Therefore the slightly more attractive CC adaptation manages to draw the largest attention from do-gooders and more humanly inclined types the world over, even if we recognize how vile this child might grow up to be.

Back as it were to Africa. A sampling of scientific articles in which a geography plus CC adaptation or mitigation are contained in the title, at least those that Google has scoured, demonstrates just how important the Dark Continent is amidst constant railings against those who think of it as an invisible (or just murky).

Even if you categorize South America and Latin America separately, or for that matter consider the Middle East to be a separate, identifiable geographic unit, Africa supersedes all.

These articles are written by well-meaning researchers, and in many cases they make justifiable arguments as to why they conduct work in the Sahel or along the shores of Lake Tanganyika. But is Africa being singled out in the normal developmentalist mode as is so often the case? Yes and yes.


It is true that groups working on the climate implications of (and feedbacks from) deforestation, as one example, are heavily concentrated in South America and Southeast/South Asia.

It is also true that if one insists on using such crude measurements as Gini coefficients, Human Development Index, and downscaled climate models, Africa really does have a challenge ahead of itself. But there are other regions of the planet ravaged by colonialism, capitalism, and consumerism (the CCC, so as not to present confusion), in this case we really can turn to parts of Central America and Southeast Asia. They do not configure so prominently in the imagination of the development complex.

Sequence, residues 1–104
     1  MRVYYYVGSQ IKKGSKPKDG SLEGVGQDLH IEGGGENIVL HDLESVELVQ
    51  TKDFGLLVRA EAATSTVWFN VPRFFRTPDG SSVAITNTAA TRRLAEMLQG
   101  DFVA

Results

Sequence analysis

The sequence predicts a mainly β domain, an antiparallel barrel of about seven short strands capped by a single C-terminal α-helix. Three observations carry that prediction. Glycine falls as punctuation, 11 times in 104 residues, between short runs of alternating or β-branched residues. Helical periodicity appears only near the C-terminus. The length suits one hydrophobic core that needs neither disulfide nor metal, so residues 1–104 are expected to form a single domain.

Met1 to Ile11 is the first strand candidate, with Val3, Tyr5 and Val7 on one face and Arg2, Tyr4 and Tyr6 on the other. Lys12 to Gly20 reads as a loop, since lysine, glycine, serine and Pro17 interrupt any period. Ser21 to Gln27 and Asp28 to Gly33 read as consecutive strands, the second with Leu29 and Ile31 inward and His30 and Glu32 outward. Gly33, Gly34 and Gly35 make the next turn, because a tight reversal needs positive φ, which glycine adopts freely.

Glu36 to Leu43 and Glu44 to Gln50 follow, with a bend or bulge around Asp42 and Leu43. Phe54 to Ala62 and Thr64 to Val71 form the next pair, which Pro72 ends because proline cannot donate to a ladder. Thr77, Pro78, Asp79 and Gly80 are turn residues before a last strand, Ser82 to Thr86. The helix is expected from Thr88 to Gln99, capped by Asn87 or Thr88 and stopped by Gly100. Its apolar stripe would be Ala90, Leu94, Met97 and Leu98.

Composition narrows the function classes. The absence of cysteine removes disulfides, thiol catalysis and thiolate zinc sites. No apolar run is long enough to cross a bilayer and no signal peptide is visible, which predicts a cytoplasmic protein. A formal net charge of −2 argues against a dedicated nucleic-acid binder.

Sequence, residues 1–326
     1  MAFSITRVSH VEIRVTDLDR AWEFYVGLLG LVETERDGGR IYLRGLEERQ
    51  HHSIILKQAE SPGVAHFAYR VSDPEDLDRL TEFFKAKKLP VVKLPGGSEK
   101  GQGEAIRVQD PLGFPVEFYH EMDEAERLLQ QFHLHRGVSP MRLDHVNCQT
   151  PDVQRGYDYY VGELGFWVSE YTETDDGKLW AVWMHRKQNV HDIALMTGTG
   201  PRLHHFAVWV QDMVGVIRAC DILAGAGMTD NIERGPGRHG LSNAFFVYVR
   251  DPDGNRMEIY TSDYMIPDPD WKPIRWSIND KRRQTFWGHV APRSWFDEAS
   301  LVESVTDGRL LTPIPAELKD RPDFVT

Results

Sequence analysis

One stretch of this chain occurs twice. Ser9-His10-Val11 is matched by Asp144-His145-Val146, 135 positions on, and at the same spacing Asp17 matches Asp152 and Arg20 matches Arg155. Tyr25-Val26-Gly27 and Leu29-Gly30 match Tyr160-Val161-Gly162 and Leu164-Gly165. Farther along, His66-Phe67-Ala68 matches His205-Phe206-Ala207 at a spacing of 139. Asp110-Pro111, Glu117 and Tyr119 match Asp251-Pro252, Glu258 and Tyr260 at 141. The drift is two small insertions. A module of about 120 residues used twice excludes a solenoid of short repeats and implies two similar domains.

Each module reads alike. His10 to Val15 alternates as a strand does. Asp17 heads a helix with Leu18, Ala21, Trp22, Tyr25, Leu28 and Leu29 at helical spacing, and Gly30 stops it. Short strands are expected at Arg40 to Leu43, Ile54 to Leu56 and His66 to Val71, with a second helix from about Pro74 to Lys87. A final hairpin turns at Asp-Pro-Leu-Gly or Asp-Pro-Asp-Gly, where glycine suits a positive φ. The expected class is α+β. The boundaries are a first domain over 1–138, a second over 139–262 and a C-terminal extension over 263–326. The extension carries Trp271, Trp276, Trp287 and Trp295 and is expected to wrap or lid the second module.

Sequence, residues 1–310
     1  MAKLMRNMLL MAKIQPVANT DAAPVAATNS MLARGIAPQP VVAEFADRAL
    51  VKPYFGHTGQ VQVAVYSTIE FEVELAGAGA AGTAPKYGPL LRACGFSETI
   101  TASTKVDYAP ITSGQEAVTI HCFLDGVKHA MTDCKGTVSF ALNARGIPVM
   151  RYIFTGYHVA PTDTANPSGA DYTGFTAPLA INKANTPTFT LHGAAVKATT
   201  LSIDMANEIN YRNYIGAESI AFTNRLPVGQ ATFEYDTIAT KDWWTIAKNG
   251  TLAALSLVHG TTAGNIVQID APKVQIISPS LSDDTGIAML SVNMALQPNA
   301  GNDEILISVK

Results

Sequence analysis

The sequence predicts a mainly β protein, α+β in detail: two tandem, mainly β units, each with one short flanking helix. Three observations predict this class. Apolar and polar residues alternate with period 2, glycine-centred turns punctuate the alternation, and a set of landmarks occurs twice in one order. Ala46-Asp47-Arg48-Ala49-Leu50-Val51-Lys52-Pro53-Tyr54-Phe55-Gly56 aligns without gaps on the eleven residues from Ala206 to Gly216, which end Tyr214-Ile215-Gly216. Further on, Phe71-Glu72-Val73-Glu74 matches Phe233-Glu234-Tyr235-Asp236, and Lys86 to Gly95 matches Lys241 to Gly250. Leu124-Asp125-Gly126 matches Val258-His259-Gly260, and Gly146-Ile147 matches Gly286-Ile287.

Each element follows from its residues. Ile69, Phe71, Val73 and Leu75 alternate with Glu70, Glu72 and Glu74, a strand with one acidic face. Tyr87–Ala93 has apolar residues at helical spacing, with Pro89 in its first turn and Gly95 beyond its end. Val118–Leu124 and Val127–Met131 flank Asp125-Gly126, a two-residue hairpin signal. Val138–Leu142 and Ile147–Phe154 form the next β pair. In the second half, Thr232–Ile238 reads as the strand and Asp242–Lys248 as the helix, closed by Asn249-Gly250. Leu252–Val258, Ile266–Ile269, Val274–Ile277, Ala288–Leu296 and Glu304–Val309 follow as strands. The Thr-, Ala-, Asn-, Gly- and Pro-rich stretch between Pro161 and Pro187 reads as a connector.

The question, then, is why should we care? Certainly, for Africanists, the idea that the continent receives such attention should seem comforting enough. After all, the African Left has been demanding recognition for decades.

But that recognition does not necessarily equate to actual respect, followed ultimately by distancing, which is of course is what Franz Fanon stipulated should be a close second.

The adaptation obsession, however, from its constant mention in UN tracts, as well as its evocation in the popular imagination, such as in film and photography, risks essentializing the plights of people the world over and refocusing attention on tired, shopworn stereotypes serving no one - not the least Fatima and Kofi.

We should not be so weary of concerns about climate change. Or even of alarmism (that is, authentic alarmism, if such a thing exists). We should, however, maintain our reluctance to engage in discourses hijacked or authored by the usual suspects, the engineers atop the political economy.

We should also not accept the singling out of Africans and Africa in the developmentalist mode. By all indications, climate change adaptation could become another lackluster matinee in a long series of soon-to-be-released features.